Students will develop their creative thinking skills and practical skills in drawing, painting, printmaking, photography and mixed-media.

To find out more about our outstanding Art Department, view our dedicated web page here.


This course will develop your skills in drawing, painting, printmaking, photography, mixed-media and the variety of materials and techniques. Inspired by your research of other artists’ work, you will learn to develop ideas through creative thinking and experimental work, as well as to produce meaningful final outcomes. This course will develop your practical skills as well as your creative thinking skills. During the course you will work on two major projects and gather evidence for two components:

Component 1: Portfolio (8201/C)
The portfolio must include:
A sustained project – This is a practical investigation of a set theme supported by written material, evidencing the journey from initial engagement with an idea(s) to the realisation of intentions. You will gather ideas informed by your visual and written research on other artists and your use of different art materials and working techniques, and will develop them into the final outcome or a series of related finished outcomes.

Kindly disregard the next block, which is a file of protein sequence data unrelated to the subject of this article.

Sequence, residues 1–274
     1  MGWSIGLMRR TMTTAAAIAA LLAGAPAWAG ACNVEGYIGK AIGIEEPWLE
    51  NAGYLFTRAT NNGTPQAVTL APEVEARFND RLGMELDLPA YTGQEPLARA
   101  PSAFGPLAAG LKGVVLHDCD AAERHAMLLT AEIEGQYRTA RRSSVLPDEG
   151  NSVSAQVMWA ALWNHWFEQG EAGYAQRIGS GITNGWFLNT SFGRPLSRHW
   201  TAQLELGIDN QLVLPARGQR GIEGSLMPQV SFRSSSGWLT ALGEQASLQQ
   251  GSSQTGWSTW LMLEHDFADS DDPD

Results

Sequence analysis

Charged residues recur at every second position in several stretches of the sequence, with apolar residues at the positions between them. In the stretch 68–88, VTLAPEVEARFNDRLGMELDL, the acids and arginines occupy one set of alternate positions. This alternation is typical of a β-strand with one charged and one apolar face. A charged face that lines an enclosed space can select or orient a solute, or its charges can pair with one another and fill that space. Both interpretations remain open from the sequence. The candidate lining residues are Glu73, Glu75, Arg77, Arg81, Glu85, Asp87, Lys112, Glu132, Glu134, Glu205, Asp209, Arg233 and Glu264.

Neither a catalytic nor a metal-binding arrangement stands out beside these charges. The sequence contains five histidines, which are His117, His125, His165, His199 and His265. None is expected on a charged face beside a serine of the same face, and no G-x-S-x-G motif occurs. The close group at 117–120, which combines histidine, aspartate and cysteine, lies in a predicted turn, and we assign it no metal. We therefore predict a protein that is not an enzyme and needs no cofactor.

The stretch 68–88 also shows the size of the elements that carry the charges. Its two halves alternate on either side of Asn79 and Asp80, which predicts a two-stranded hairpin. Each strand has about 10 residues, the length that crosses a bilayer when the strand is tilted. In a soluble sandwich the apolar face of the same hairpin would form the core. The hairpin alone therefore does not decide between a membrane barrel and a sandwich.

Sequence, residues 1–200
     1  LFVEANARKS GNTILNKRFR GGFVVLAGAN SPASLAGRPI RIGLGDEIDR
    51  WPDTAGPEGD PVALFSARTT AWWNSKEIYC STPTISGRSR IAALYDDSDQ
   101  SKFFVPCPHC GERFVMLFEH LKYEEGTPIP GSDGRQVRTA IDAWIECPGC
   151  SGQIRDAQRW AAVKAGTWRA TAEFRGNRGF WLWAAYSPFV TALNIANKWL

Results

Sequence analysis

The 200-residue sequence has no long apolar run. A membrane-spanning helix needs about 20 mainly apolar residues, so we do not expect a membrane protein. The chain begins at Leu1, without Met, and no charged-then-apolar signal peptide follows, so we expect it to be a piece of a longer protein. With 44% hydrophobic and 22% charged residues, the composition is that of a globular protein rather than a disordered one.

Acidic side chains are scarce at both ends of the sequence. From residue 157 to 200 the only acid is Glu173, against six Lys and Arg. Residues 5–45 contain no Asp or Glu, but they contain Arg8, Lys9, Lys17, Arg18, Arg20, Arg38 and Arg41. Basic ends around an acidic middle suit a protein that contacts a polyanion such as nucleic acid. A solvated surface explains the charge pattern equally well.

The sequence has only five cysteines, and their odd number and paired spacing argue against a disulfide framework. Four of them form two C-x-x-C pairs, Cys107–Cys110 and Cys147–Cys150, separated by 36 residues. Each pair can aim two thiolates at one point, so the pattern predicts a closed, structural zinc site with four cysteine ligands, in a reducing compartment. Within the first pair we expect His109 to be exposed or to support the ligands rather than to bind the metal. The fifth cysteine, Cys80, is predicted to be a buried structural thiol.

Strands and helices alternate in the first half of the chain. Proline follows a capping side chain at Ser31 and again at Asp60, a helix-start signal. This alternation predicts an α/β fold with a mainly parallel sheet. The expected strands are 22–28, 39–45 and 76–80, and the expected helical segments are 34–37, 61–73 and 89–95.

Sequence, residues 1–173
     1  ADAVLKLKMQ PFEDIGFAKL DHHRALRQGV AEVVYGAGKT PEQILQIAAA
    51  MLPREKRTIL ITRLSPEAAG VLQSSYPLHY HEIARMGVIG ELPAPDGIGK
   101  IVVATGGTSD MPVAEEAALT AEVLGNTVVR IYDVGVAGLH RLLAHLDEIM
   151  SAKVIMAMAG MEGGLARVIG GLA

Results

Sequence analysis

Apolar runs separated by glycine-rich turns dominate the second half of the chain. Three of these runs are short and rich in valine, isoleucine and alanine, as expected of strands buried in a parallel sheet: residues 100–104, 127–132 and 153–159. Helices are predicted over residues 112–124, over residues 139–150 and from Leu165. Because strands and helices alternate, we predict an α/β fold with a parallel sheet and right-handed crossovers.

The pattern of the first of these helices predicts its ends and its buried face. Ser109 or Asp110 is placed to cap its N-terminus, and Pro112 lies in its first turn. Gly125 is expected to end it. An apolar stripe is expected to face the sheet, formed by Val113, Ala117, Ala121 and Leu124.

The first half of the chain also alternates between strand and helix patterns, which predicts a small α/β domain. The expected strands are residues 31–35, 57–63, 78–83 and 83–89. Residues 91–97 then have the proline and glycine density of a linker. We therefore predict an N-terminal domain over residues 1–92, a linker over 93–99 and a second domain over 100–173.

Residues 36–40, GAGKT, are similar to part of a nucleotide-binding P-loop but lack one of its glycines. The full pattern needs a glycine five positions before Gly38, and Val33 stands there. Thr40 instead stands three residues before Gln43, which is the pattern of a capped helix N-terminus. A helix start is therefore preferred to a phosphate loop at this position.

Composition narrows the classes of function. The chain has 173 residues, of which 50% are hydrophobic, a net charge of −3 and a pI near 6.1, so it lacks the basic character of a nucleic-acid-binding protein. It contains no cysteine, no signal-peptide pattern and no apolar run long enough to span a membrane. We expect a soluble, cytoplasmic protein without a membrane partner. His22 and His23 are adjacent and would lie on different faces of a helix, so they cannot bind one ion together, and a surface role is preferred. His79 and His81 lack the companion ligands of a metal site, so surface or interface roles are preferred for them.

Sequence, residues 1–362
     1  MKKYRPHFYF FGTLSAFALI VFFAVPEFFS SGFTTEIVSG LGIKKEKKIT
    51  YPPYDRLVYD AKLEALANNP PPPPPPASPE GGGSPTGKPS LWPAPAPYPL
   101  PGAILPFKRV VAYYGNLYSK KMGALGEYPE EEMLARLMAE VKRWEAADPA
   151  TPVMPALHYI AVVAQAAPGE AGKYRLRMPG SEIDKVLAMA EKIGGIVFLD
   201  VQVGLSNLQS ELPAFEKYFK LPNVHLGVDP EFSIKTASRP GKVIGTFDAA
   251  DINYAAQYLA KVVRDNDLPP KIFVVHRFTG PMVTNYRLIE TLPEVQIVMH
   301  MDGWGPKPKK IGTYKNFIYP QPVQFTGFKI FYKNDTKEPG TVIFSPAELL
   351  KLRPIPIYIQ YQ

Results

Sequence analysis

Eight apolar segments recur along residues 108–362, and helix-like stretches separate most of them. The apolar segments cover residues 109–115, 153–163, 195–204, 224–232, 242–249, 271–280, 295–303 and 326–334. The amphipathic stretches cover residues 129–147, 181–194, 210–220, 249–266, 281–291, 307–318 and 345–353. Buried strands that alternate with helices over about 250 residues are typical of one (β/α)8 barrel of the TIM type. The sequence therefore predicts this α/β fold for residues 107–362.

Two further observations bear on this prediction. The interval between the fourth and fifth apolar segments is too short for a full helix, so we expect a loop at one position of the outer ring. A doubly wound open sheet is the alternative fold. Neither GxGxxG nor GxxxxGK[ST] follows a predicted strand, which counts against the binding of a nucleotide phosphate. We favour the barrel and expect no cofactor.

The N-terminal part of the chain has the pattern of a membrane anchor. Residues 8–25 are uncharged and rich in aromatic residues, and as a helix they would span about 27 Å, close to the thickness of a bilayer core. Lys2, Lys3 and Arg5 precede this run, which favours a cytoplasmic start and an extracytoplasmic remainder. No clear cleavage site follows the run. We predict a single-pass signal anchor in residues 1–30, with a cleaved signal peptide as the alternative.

A selection of further work – This is any additional work you will produce on the course resulting from activities such as trials and experiments; skills-based workshops; responses to gallery, museum or site visits; independent study and evidence of the student’s specific role in any group work undertaken.

Component 2: Externally Set Assignment ((8201/X) – You will choose one of the seven starting points set by the examining board. During a preparatory period starting at the beginning of January, you will research a selected theme and develop ideas for a final outcome, which you will then produce unaided during 10 hours of supervised time under examination conditions. You will be required to produce work addressing four assessment objectives, and in addition to exploring various art materials and techniques, you will have to provide evidence of drawing activity and written annotation.


How will I learn?